Also, there are presently no facilities for female mussallees. Currently, they are being accommodated in a courtyard on the ground floor when needed. “Various options have been investigated as potential masajid sites, including the current facility and other sites located around the CBD area. A financial analysis of the various sites indicates that the current facility at Lamco, although more expensive in terms of capital outlay, will provide a more sustainable option in the long term due to its potential to generate an income from sources other than membership contributions,” he said.
“However, this property owner is not willing to sell at a reasonable price.” This left the KMC with no other option but to search elsewhere. “The choice of property is a critical deciding factor given the limited financial capacity of the local Muslim community to sustain the operational requirements of the masjid and madrassah on its own.”
Omar said this prompted them to draw a business plan to “encourage our Muslim brothers and sisters elsewhere to assist our community in procuring a property in Knysna for the purpose of establishing the first permanent place of worship and education for Muslims.” The KMC said this envisaged structure would serve as a “beacon of light in a community shrouded in darkness and will serve as the main base for the promotion of Islamic da’wah, insha Allah”.
Knysna is located on the south coast of the Eden District in the Western Cape approximately 500km east of Cape Town and 300km west of Port Elizabeth. The town has a population of approximately 50,000, of which Muslims are a small minority. It is not known exactly how long there Muslims have been in the town, although indications are that it could be in the area of three decades.
As has become a new norm in most rural towns in the country over the last decade, the majority of Muslims in the community are foreign nationals. According to the KMC, the majority of their Muslim population is Somalis (120), South Africans (50), Pakistanis (20), Tanzanians (20), Bangalis (15), Egyptians (10), along with smaller numbers of Senegalis, Kenyans and Malawians.
Omar related that the need for a masjid project has been growing since 2004 when mussallees numbered a few dozen. The current number sees a substantial boom during holiday periods when travellers frequent the facility, especially for Jumu’ah salah. The main facility that is currently being used is a room located on the first floor of the Lamco building and is approximately 50m2 in extent with an external balcony used as access, 2 toilets and ablution facilities.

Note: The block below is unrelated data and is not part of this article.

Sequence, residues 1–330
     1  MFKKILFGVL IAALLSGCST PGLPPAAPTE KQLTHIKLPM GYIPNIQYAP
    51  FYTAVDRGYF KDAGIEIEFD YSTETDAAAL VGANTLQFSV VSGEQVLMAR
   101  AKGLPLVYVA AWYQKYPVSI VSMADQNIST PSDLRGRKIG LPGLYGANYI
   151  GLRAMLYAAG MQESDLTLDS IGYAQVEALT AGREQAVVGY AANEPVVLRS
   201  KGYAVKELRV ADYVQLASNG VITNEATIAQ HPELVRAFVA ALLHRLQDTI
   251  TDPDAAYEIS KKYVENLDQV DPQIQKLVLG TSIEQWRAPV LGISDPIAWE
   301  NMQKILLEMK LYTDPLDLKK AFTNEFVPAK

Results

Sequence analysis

For the last three years the KMC has been investigating various options in and around the Knysna area. It has now identified a property on Rawson Street that was once a restaurant. “The property consists of two separate building structures, one constructed or cladded with corrugated iron sheeting. It is located two blocks from the Main Street/N2 in the Knysna CBD. A number of Muslim brothers have small business in and around the immediate vicinity which places the property within walking distance of mussallees for regular prayers,” Omar explained.
The KMC has now made an offer to purchase on the property with a deposit of R120,000 having being paid on 24 April. “We now have approximately six weeks to procure the balance of the purchase price – R480,000. We have activated an urgent procurement programme to re-create public awareness in the major Muslim centres of Cape Town, Port Elizabeth, Durban, Johannesburg and Pretoria with the aim of attracting donors, sponsors or sadaqat-ul-jaria funding,” he said.
They hope to raise the necessary funds in the next few months which would allow them to get construction underway before the end of the year. For those who would like to assist, donations can be made into the bank account of the Knysna Muslim Council, FNB, Account Number: 621 684 051 76, Branch Code 210214. More details are available at 083 413 6156.
“We at the Knysna Muslim Council, have made a firm niyyah (intention) to secure permanent premises for the masjid before the end of 2013. We appeal to all donors and the Muslim community as a whole to support us in this endeavour. May Allah Almighty reward you abundantly for your contribution in this world and the hereafter,” Omar appealed.
21 May 2015 Update: 2 years later, the Mosque is close to gaining final approval. Read ‘Knysna’s Mosque Landing Soon‘.